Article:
Working to cultivate a better Saskatchewan
- NC Raine | September 29, 2023
Three new initiatives in the province are looking to grow our planet into a healthier, more livable place.
Although new, they link back to an ethos ingrained in the history of Saskatchewan.
“In 1876 when Treaty 6 was being negotiated, Chief Mistawasis saw that things were changing, and that there were challenges we are facing as people that we would need to adapt to,” said Katherine Finn, project manager at Living Lab – Bridge to Land Water Sky. “His demonstration of partnerships and alliances set an example of bringing cultures together to find solutions to those challenges.”
The three new initiatives include the Living Lab – Bridge to Land Water Sky; Indigenous Soil Health Learning Circles for Resilient Prairie Agro-ecosystems; and Everyone Together: Water Gathering Statement, all utilize traditional Indigenous knowledge to address contemporary issues.
“The land, water, and sky are examples of how everything is interconnected,” said Finn. “So what we’re doing in the Living Lab initiative is looking for ways to implement regenerative agriculture in the prairies.”
Bridge to Land Water Sky is Canada’s first Indigenous-led ‘living lab’ – a system that brings together farmers, scientists, and other collaborators to co-develop and test innovative practices and technology to address agricultural and environmental issues.
It is a five-year collaborative project between First Nations Mistawasis Nêhiyawak and Muskeg Lake Cree Nation, as well as several other provincial and regional agencies to use innovation, research, and Indigenous knowledge to tackle real world challenges related to climate change.
As thousands of acres of band-managed reserve lands are farmed by non-Indigenous producers, the goal is to re-imagine farming systems where farmers and First Nations work towards a common goal.
“As our human species grows and populates, there’s a lot of demand on the land. And a lot of pressure on natural systems to supply us with food. And all this activity has a consequential impact on the land and environment,” said Finn. “But having greater diversity of land creates more of a buffer against potential negative impacts.”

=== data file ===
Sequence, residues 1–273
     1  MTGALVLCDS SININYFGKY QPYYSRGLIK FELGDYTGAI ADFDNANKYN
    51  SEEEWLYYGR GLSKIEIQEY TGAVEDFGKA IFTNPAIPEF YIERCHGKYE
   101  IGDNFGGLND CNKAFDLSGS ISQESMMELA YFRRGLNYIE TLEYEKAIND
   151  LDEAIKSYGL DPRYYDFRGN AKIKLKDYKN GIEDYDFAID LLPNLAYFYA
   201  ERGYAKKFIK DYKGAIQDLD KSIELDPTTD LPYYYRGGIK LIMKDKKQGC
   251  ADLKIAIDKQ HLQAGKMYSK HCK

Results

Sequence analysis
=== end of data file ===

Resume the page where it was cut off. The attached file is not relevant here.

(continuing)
The solutions Bridge to Land Water Sky hope to develop will protect this important biodiversity, as well as improve water and soil quality, and ways to reduce greenhouse gas emissions
“A lot of what we’re working on is really about relationship building,” said Finn. “This project is emanating the value of people’s connections to the land, and the importance of food sovereignty.”
Similarly, the University of Saskatchewan’s (USask) Soil Health project is a new initiative to develop training and knowledge around soil health and help foster biodiversity in crop production.
“The landscapes that support agricultural production in a contemporary context were built on the historical legacy of Indigenous people’s stewardship of the land,” said Dr. Melissa Arcand, associate professor at USask and soil scientist leading the project.
“The general public doesn’t always appreciate that Indigenous people made decisions that changed the land in favour of our wellbeing – not in detriment to others,” she said. “We’ve always managed the land.”
The new project is funded with $1.4 million from the Weston Family Soil Health Initiative, and will share knowledge from both an Indigenous and Western science-based perspective with First Nations and farmers who farm on First Nations land.
“It’s not a one fit solution or a unidirectional road,” said Arcand. “It’s uncommon (to utilize western and Indigenous knowledge) from a conventional agricultural standpoint, which is the more prevalent way we think about food production.”
Conventional agriculture production is the main economic land use on First Nations lands in the prairies. But Arcand said on a broad scale, the agriculture industry here has become less diversified.
“Our agriculture system is set up to be an export-oriented product and commodities being sold on a global marketplace,” said Arcand. “So that’s the reason farmers grow what they grow. But I think we could improve the diversity of the crops we grow.”
“We’re in an era where we really have increased stressors, whether it’s drought or flooding or pests or disease,” said Arcand. “All of these stressors really negatively influence our agricultural systems so if we can build more diversity into those systems, we will have real resiliency.”
Lastly, a group of 22 participants representing 14 First Nations have created a protocol entitled ‘Everyone Together: Water Gathering Statement’.
The statement outlines four areas of focus: prioritizing wellness of communities; abiding by local protocols; the need for equity in support and funding knowledge; and keeping intellectual property with the communities.
“We have a responsibility to design research as stewards of our land, waters, and peoples,” said Anthony Johnston, a Knowledge Keeper with Mistawasis Nêhiyawak, in a prepared statement. “We envision a future where research is led by Indigenous communities and is responsive to their needs, centres Indigenous Knowledge, and helps to grow healthy water, relationships, and communities.”
The goal is to have the protocol help guide water research in Canada and around the world during these times of environmental instability.
By taking a long-term view of where this could work, Arcand hopes it elevates knowledge that has been marginalized for the last fifty years.
“In an ideal world, Saskatchewan would look productive while fostering biodiversity,” said Arcand. “It would be a place where people could actually have successful livelihoods from, where people could acquire healthy food from.”